Sometimes, they ask me what distance will be to the subject, if you photograph on a particular lens. In this article, I derived a simple calculation formula.

For calculations, I used a full-format camera with a physical sensor size of 36 X 24 mm.

I recommend reading the text under the images.

The viewing angle can be found in brochures, instructions or on the official websites of the lens manufacturer. But there is one small nuance, which for some reason few people take into account - the angle of view of the lens is indicated for the diagonal of the frame.

I work as a photographer and do not shoot “diagonal shots” at all (to take a shot with a diagonal fill of the frame), and therefore this data gives me only an approximate idea of the angle of view when shooting in normal portrait (vertical camera orientation) or landscape (horizontal camera orientation) mode ...

**Output:** the physical size of the matrix w * h and the focal length of the lens f.

**Search for:** formula for calculating the viewing angle diagonally, vertically, horizontally. Check the found Beta angle for f = 50mm.

Thus, the data taken from the official website (47 °) and verification (46,79 °) are the same.

Now let's find the angle of view horizontally (Xi) and vertically (Tau):

It turns out that if we shoot a portrait at a 50 mm focal length (vertical position of the camera), then the viewing angle at which we will need to enter the model will be only 40 degrees.

Now find **formula for calculating the distance L**, with which we will need to shoot so that an object with the given dimensions fits in the frame **H**.

Thus, if we shoot a model with a height of 180 cm on a full-frame camera with a lens that has a 50 mm focal length, then in order for the heels and the crown of the head to get into the frame with the vertical orientation of the camera, we will need to move back 2.5 meters, horizontally, to fit the entire model into the frame, you will need to step back 3.75 meters.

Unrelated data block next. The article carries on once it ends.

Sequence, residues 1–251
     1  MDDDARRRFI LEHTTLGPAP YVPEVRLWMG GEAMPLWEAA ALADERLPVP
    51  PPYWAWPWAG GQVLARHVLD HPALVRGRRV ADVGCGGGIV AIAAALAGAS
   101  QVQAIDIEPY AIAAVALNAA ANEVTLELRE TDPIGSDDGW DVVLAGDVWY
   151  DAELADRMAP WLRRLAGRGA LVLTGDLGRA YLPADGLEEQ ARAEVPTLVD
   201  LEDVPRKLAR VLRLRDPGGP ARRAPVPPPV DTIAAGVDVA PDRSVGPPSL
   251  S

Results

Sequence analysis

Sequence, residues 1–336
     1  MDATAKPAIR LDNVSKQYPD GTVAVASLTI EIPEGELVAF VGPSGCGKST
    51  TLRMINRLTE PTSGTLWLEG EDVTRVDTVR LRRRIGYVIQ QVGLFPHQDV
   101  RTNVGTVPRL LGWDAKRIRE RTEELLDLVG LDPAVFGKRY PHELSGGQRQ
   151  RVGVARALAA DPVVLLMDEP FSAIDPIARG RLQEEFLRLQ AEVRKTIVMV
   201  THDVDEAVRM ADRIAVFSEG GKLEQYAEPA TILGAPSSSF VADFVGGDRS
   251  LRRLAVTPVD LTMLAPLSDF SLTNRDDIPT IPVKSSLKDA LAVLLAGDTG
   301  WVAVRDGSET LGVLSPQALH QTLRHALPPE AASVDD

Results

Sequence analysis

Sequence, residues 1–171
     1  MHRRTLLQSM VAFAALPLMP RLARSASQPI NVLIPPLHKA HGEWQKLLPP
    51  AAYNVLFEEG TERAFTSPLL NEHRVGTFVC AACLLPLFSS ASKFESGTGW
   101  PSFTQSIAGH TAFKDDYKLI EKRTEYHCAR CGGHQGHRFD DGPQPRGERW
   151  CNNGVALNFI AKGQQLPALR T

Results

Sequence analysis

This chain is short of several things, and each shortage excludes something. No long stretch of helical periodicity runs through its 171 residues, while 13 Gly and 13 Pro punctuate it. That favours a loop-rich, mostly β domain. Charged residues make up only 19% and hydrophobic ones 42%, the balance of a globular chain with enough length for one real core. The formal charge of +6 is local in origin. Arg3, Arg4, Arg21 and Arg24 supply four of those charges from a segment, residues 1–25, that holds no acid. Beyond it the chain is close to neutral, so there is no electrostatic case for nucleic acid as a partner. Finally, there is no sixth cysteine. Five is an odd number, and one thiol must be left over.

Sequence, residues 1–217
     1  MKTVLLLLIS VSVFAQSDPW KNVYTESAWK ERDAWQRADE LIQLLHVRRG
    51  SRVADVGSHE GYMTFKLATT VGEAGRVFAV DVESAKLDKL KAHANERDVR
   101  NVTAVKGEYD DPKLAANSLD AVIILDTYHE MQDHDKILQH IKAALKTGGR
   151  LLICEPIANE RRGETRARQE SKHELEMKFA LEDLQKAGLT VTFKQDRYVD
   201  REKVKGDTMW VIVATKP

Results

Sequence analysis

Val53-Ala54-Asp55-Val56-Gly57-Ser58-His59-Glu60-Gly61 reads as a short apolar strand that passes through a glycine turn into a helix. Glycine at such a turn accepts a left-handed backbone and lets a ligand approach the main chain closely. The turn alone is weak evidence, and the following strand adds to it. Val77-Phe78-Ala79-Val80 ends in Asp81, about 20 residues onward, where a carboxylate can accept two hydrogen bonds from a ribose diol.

To be more precise, 5 cm of the focal length (or any other number of the focal length) from the focus plane to the plane of the matrix should be added to these numbers, because the distance is calculated from the object to the focal plane. And you also need to take into account the effect of changing the viewing angle of the lens at different focusing distances, because the same fifty dollars has the declared 47 ° only when focusing on infinity, more about this here.

If we shoot the same model for the same fifty dollars with the horizontal orientation of the camera, but already on the Nikon DX camera (Kf = 1.5), then we will need to move 5,6 meters. And if you take into account that in addition to the model itself, you still need to capture a bit of space from below and from above, then by fifty dollars it will be necessary to retreat by 7 meters.

To use the count for cropped cameras, use the formulas to specify the width w and height h for your camera. For Nikon DX cameras: w = 23.5 mm, h = 15.6 mm. The focal length f should be taken as indicated on the lens without any conversion. Basic formulas are highlighted. If you cannot find the value of w and h in the instruction, then usually w = 36 / Kf, h = 24 / Kf, where Kf is the value crop factor cameras.

It is very simple to find out the focusing distance to the subject from the already taken photo. To do this, just check EXIF photo using http://regex.info/exif.cgi (The site supports any photo format)

*Thank you for attention. Arkady Shapoval.*

Arkady thanks for the useful formulas!

I saw with them 0_o !!

I just wanted to know which blurred background is 200mm F / 2.8 or 135mm F / 2 for a full-length portrait. Applying your formulas, I realized that blurring the background (depth of field) is not related to the focal length))